region’s cities are
too poor to
accommodate the
population increase.
 Many people
continue to live
without electricity,
running water, or
proper sewers.
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The desert gradually took over the farmland the people
left behind.
Desertification is the process of once fertile farmland
turning into desert.
Desertification reduces the amount of crops that can be
grown, increases starvation, and maintains poverty.
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The word Sahel means “border” or “margin,” and this is
the region that borders the Sahara.
It is a region between the desert to the north and the
grasslands and rainforest to the south.
The Sahel is relatively flat with few mountains and hills.
While there is more rain than in the Sahara desert,
rainfall in the Sahel varies from year to year, ranging
from 6-20 inches.
Vegetation is sparse in the
Sahel, and grasses and
shrubs are unevenly
distributed.
PEOPLE IN THE SAHEL
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A majority of the people living in the
Sahel follow traditional ways of
making a living, herding animals and
living semi-nomadic lives.
They move when water and grass run out for their
animals.
Others practice subsistence farming, meaning they grow
just enough food for their families.
Some grown peanuts and millet to sell in the market
places, but undependable rain makes farming difficult.
Many of the countries in the Sahel have rapidly growing
populations.
This is a problem since food and water are often scarce.
THE SAVANNAH
Closer to the equator, the
climate becomes hot and
features both rainy and
dry seasons.
 Savannas cover the regions
just north and south of
the rainforests that lie
along the equator.
 Savannas are hot, dry
grasslands.
 In a savanna, the grass it tall and thick.
 Trees are short and scattered.
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The most famous savannah is the Serengeti, a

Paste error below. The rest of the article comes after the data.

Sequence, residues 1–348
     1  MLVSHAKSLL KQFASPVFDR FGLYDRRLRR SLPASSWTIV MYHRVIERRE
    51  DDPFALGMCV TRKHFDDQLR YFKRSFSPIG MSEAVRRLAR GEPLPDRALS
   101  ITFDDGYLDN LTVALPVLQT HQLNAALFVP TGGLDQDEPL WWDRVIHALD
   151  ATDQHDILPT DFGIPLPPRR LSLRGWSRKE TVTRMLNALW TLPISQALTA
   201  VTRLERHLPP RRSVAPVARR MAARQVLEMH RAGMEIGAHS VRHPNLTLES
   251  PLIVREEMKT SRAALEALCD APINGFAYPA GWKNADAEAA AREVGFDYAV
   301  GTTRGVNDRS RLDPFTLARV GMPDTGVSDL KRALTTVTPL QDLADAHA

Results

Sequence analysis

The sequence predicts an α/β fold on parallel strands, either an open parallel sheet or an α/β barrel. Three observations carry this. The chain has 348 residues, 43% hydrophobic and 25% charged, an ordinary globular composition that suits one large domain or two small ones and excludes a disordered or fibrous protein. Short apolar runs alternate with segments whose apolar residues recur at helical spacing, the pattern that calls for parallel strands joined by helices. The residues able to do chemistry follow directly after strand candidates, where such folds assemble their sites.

migration areas for 1.5 million animals like buffalo,
gazelles, and zebras.
 The Serengeti includes parts of Kenya, where people
rely on the land for their livelihood.
 About one-third of the country is grazing land for
cattle, goats, and sheep.
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Many Kenyans make a
living growing coffee and tea,
which are the country’s major
exports.
Many of the wild animals
associated with Africa live in
the savannas.
Although the soil is rich,
farming is the savannas is
limited because of disease
carrying insects.
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Usually there is not enough water to sustain trees and
forests.
Grasses and grains like wheat, oats and sorghum grow in
the region, too.
The African savanna is the largest in the world.
It covers almost half of Africa.
When the summer rains come, the savanna is green and
the grass is thick.
During the winter dry season, the grasses turns brown
and grass fires occur.
These fires are part of the natural cycle of life in the
savanna.
PEOPLE IN THE SAVANNA
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The biggest threat to the African savanna is the increasing number
of people.
The increasing population in Africa has put pressure on people to
open more land for farming and ranching.
Every year, more savanna grassland is fenced in and plowed for
crops.
Expanding farmlands mean less land for the animals.
Some countries, like Kenya and Tanzania, are working to set aside
large areas of the savanna as national parks and game preserves.
The savanna regions of Africa have faced pressure from the growth
of towns and cities and the need for highways to connect urban
areas.
As roads are built through isolated savanna wilderness, natural
animal habitats disappear.
RAINFOREST
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Along the equator